Turkey has also accelerated its strategy aimed at guaranteeing a military and geopolitical projection far beyond simple regional contexts, so much so that today the Ankara military has established, or is about to establish, stable bases in no less than 10 countries : Syria, Iraq, Qatar, Azerbaijan, Libya, Somalia, Cyprus, Kosovo, Albania and Bosnia-Herzegovina. It should be noted that while the Turkish presence in some of the countries mentioned above takes place in a perfectly legal manner, that in Syria, Iraq, Libya and Cyprus it is completely illegal under any rule of international law (as far as international law may actually be valid in the complicated historical era in which we are living).
We also point out that, filtering the Turkish geopolitical and military strategy through the exclusive prism of our country's national interests, the Turkish presence in Somalia, Libya, Cyprus, Kosovo, Bosnia-Herzegovina and, above all, Albania, represents a concrete threat to national security. of the Italian Republic.
However, this Turkish activism in the various geopolitical scenarios in which the Anatolian state believes it has a national interest to defend may have served to galvanize the support of the electoral base that supports Erdoğan's government, but certainly could not solve the real problems of the Turkish economy, which instead continued to worsen. On the economic-monetary side, in fact, from summer 2020 until today, President Erdoğan could not help but continue to exert very strong pressure on the Turkish Central Bank (Türkiye Cumhuriyet Merkez Bankası - TCMB) so that it could continue to faithfully implement its desired, even with sudden changes at the top if necessary.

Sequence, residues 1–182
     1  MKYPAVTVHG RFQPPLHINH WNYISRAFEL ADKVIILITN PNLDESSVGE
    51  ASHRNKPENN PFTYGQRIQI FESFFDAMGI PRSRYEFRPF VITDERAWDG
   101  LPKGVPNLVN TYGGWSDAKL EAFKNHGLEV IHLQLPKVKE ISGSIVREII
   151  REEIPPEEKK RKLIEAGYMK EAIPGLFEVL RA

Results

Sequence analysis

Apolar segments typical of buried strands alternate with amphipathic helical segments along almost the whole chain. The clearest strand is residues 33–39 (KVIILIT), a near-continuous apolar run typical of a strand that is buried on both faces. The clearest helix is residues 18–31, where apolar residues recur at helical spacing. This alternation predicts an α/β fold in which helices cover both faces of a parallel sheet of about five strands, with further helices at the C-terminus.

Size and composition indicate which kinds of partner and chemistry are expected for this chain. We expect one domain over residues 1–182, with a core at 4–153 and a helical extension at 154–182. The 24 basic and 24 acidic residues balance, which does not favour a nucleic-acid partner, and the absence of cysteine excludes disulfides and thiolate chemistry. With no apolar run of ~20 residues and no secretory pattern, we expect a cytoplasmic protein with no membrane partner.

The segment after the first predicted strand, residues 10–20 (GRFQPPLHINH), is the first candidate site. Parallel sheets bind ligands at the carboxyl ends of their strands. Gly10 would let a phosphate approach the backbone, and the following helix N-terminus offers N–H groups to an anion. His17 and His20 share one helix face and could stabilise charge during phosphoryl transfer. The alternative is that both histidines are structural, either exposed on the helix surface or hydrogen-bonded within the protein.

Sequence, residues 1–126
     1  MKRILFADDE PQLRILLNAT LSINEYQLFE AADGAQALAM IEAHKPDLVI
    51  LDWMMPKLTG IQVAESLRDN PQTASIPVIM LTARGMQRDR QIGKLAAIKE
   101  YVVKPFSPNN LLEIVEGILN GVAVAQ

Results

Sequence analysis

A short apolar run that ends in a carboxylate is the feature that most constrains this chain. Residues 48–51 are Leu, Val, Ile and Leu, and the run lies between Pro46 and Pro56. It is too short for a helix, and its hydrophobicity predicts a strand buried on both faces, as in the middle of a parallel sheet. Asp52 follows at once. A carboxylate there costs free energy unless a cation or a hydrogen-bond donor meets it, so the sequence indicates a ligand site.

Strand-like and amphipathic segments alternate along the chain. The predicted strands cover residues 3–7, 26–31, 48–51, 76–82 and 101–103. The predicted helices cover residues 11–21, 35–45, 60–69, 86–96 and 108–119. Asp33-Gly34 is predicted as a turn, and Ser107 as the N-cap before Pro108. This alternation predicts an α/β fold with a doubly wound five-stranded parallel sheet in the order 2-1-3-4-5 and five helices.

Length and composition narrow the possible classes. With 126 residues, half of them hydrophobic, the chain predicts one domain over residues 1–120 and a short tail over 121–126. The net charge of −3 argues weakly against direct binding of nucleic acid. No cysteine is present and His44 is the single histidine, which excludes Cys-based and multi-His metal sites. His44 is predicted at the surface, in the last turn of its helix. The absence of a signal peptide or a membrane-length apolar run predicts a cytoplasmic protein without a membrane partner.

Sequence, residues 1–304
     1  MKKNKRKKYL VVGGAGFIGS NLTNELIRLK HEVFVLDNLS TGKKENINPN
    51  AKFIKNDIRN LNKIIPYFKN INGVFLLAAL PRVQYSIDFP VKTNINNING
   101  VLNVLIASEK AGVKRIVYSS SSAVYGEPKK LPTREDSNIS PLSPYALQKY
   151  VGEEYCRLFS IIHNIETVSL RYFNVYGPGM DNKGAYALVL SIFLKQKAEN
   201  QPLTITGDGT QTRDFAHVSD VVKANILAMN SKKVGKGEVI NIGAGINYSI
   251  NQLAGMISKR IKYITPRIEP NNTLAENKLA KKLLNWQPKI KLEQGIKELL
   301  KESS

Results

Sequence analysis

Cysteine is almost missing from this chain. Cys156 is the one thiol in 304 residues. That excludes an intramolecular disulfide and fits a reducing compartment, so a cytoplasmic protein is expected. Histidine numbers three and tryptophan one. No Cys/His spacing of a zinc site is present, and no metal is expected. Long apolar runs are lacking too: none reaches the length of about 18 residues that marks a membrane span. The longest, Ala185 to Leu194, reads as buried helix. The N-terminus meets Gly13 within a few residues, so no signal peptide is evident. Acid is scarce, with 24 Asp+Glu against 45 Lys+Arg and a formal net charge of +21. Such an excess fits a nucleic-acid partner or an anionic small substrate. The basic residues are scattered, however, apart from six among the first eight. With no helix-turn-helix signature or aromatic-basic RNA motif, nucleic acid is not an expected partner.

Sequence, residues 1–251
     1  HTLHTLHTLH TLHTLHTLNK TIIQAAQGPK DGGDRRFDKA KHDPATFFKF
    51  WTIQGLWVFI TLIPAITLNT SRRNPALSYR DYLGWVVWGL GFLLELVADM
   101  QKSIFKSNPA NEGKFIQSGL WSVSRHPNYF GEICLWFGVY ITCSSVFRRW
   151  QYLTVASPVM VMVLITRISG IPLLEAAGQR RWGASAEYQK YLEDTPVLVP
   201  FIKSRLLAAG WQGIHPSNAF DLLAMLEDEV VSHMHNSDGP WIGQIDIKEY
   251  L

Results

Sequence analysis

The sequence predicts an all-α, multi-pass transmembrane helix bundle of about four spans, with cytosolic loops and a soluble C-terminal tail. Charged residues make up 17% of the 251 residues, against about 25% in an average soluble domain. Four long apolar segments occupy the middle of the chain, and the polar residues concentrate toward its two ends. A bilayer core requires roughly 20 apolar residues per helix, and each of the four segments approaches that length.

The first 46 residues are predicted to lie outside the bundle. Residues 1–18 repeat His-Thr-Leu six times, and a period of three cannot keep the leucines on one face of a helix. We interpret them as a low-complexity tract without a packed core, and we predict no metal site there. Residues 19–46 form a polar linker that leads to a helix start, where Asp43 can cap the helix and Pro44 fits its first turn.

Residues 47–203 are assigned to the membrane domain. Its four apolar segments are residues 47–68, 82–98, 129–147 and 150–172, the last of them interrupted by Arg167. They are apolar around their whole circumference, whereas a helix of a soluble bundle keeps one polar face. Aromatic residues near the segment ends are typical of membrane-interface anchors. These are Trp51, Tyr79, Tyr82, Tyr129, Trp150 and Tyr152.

If in most countries of the world it is absolutely normal for a Governor of the Central Bank (an institution normally independent of political power, as opposed to what happens in the Anatolian country) to remain in office for a period of at least 4 years or more, in Turkey the president-sultan changed 4 Governors in 3 years: on 6 July 2019 the 22nd Governor of the Turkish Central Bank, Murat Çetinkaya, was sacked in favor of Murat Uysal, who then had to give his place to Naci Ağbal on the 7th November 2020, in turn "fired" on March 20, 2021 in favor of Şahap Kavcıoğlu.